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Published January 1, 2002 - More info
In idle moments, people who treat autoimmune diseases such as systemic lupus erythematosus (SLE), rheumatoid arthritis (RA), and Sjögren syndrome (SS) dream of finding the diseases’ Achilles heel: a protein that plays some causative role, is required for disease persistence, and can be targeted therapeutically without causing widespread side effects. Experiments on BAFF (also known as BLyS, TALL-1, THANK or zTNF4) (1–4), a new member of the TNF family of cytokines, are generating enormous excitement because they suggest that these dreams just might come true. Here, at last, is an example of a molecule that appears to be involved in common human autoimmune diseases, rather than just the ever-so-rare eponymous syndromes (5–8). Moreover, experiments in animals suggest that therapies based on antagonizing BAFF may make a real difference clinically (6, 9–12).
There are many mouse models of SLE, for example, featuring high levels of anti-DNA antibodies, depositions of immune complexes, and organ failure. These include Bcl-2 transgenic mice (13), mice lacking the Bcl-2 antagonist Bim (14), mice with low expression of CD95 (Fas/APO-1; the product of the mouse lpr gene) (15), and mice lacking genes lyn or fyn (16, 17), among others. Disappointingly, mutation or aberrant expression of these genes has only rarely been found in humans with common autoimmune syndromes (18). In contrast, elevated levels of BAFF have now been found in humans with SLE, RA, and SS, as well as in both lpr and NZB/WF1 mice (5–8).
BAFF is made in both membrane-bound and soluble forms by myeloid cells and dendritic cells, as well as by some T cells (reviewed in ref.19). It is most closely related to APRIL/TRDL-1α, another TNF family member implicated in growth of tumor cells (20). Both BAFF and APRIL can bind to either of the receptors BCMA and TACI, but only BAFF binds another receptor, BAFF-R/BR3, that is expressed on the surface of B cells (21, 22) (Figure 1). When the BAFF receptor gene is mutated, as occurs in A/WySnJ mice, peripheral B cells are absent (21, 22), indicating that BAFF signaling is required for the production or maintenance of these cells. Ligation of BAFF-R seems not to affect proliferation, but rather to promote B cell survival, perhaps by increasing expression of the antiapoptotic protein Bcl-2 (23, 24) — a possibility that would fit nicely with the observations of autoimmunity in Bcl-2 transgenic mice (13).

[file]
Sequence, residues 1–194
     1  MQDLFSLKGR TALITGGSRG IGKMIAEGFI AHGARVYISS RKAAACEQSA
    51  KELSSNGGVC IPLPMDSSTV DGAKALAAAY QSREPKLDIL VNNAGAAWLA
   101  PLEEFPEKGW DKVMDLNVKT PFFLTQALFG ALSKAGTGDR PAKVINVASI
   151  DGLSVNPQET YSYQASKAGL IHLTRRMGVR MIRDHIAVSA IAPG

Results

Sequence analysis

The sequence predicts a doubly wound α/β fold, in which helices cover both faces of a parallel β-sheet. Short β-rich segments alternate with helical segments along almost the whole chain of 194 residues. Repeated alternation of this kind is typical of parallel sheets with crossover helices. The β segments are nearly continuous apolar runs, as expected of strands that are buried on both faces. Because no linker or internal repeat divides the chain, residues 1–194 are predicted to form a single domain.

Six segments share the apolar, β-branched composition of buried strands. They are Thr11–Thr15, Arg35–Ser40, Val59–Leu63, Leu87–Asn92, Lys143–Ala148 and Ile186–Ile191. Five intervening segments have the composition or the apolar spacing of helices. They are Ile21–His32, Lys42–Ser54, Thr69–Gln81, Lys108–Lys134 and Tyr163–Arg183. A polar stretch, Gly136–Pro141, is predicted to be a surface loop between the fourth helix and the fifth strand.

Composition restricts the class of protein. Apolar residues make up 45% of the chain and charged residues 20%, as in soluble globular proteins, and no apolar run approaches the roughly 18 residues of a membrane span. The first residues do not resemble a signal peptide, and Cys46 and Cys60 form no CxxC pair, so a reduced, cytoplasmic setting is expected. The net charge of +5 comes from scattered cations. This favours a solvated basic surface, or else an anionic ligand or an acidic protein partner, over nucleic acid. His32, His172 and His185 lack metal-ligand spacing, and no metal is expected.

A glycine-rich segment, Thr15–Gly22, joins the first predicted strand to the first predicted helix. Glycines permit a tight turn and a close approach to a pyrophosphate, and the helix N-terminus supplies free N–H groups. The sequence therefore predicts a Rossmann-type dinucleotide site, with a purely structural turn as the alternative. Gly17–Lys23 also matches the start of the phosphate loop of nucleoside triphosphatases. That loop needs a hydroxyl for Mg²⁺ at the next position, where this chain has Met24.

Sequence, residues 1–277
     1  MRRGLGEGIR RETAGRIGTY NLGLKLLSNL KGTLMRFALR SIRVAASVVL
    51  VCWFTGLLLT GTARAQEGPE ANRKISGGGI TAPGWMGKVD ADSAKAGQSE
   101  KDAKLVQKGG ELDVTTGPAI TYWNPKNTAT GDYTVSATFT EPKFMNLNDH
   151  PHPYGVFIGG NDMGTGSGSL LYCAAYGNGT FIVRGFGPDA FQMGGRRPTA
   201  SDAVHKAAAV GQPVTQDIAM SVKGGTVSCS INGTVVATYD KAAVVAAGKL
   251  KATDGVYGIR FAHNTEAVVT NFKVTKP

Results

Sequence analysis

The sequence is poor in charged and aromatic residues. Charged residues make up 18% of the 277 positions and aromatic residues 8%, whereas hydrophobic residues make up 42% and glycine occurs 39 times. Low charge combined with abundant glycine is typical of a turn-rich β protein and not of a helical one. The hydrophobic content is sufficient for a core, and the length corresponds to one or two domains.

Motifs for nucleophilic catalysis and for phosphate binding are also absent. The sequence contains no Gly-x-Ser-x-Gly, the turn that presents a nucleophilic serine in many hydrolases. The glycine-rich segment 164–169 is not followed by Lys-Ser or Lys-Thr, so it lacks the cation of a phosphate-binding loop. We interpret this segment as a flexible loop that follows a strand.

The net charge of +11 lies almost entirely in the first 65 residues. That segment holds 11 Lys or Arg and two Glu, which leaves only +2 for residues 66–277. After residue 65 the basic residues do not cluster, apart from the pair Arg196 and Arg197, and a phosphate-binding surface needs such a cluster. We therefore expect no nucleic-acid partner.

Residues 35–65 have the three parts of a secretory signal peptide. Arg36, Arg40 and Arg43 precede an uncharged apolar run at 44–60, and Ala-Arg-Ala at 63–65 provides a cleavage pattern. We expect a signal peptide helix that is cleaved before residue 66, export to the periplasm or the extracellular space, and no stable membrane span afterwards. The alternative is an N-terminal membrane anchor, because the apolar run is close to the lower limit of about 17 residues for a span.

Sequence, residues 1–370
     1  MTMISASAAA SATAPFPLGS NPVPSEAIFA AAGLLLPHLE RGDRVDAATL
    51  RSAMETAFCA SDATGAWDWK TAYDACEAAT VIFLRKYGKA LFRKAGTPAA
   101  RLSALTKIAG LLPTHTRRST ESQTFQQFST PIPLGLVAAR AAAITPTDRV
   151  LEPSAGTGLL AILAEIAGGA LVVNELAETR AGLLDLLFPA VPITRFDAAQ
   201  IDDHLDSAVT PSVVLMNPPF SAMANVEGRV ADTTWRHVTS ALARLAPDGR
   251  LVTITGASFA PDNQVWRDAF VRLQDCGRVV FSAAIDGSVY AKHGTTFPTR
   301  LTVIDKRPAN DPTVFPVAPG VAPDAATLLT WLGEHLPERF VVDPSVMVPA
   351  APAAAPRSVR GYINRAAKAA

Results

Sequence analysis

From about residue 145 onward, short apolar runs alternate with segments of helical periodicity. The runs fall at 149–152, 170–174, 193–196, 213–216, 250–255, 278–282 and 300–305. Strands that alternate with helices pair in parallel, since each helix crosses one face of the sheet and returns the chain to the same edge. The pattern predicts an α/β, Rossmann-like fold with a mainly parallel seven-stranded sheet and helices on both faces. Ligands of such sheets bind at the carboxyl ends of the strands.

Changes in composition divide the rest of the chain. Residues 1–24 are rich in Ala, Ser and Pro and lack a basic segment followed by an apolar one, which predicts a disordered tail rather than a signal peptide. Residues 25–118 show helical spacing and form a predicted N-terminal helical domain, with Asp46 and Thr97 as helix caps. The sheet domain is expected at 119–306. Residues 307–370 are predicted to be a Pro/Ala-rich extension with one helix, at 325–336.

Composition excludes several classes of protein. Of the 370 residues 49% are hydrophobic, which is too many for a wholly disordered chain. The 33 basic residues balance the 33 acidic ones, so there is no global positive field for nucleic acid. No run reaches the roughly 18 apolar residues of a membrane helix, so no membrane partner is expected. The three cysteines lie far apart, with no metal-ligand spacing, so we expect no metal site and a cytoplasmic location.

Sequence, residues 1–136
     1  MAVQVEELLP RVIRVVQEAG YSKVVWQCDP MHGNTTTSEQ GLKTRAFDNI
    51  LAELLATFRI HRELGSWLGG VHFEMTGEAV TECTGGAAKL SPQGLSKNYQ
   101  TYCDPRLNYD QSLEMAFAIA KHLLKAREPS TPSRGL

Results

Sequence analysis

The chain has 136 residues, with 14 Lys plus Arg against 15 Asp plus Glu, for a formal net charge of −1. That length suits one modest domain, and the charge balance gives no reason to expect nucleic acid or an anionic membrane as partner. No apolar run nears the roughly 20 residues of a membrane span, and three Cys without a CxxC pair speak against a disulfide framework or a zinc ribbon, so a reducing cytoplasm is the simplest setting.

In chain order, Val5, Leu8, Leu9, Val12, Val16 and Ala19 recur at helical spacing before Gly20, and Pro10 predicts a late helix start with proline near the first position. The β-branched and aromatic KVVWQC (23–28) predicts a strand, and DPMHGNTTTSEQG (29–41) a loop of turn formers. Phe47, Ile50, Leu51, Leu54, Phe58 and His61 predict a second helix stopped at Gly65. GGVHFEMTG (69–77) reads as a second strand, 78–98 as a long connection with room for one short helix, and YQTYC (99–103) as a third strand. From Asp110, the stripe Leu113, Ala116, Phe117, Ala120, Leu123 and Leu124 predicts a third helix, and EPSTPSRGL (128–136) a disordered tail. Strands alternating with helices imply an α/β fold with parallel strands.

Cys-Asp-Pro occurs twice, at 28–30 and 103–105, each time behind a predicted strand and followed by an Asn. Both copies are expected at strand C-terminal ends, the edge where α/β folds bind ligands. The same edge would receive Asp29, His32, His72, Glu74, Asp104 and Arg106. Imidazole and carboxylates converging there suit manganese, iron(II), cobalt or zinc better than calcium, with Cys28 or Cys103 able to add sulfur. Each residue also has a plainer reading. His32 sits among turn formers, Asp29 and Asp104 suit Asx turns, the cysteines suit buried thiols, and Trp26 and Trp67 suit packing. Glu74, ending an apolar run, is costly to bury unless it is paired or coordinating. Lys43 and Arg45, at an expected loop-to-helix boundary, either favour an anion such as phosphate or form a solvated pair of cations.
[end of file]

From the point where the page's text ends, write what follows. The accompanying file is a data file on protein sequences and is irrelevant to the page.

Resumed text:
Two TNF-related ligands, BAFF and APRIL, can bind to three identified and one hypothetical TNF receptor-related receptors. BAFF-R can only be bound by BAFF, an interaction that promotes the survival of peripheral B cells.
Injection of recombinant BAFF into mice enhances both Ig levels and mature B cell numbers (25). The B cell population is also increased when BAFF is continuously elevated, as in BAFF transgenic mice. These mice are prone to an SLE-like syndrome, with raised levels of circulating immune complexes and anti-DNA autoantibodies, and Ig deposits in their kidneys (6, 26, 27). Moreover, as described by Groom et al. in this issue of the JCI, they also develop and eventually succumb to a disease like SS, with severe inflammation of the salivary glands (7). Thus, overproduction of BAFF is sufficient to cause the development of two autoimmune diseases in vivo.
Blocking BAFF in vivo confirms that it is required for persistence of mature B cells and generation of specific antibody responses. Mice treated with TACI-Fc protein, which binds to BAFF and prevents it from engaging its receptor, fail to produce antigen-specific IgM and IgG1 antibodies or to develop germinal centers in the spleen following immunization (11). Similarly, specific Ig production is diminished in immunized mice treated with a BR3-Fc fusion protein that competes with BAFF-R for circulating BAFF (12); mice injected with a BCMA-Ig protein exhibit greatly reduced numbers of peripheral B cells (28). Most exciting of all, BAFF may be necessary for persistence of autoimmune disease. In SLE-prone NZB/WF1 mice, treatment with a TACI-Ig fusion protein inhibits development of proteinuria and prolongs survival (6). Similarly, injected TACI-Fc could prevent onset and reduce signs of disease in mouse models of SLE and collagen-induced arthritis (10).
Thus, in mice, increased BAFF is associated with autoimmune diseases; elevated levels of BAFF are sufficient to cause autoimmunity; BAFF is required for specific B cell responses and autoimmunity; and BAFF-blocking reagents reduce disease incidence and severity in vivo. Because elevated BAFF is also associated with autoimmune diseases in humans — SLE, SS, and RA, and possibly more to follow — BAFF-blocking reagents hold great promise in the treatment of autoimmunity in humans.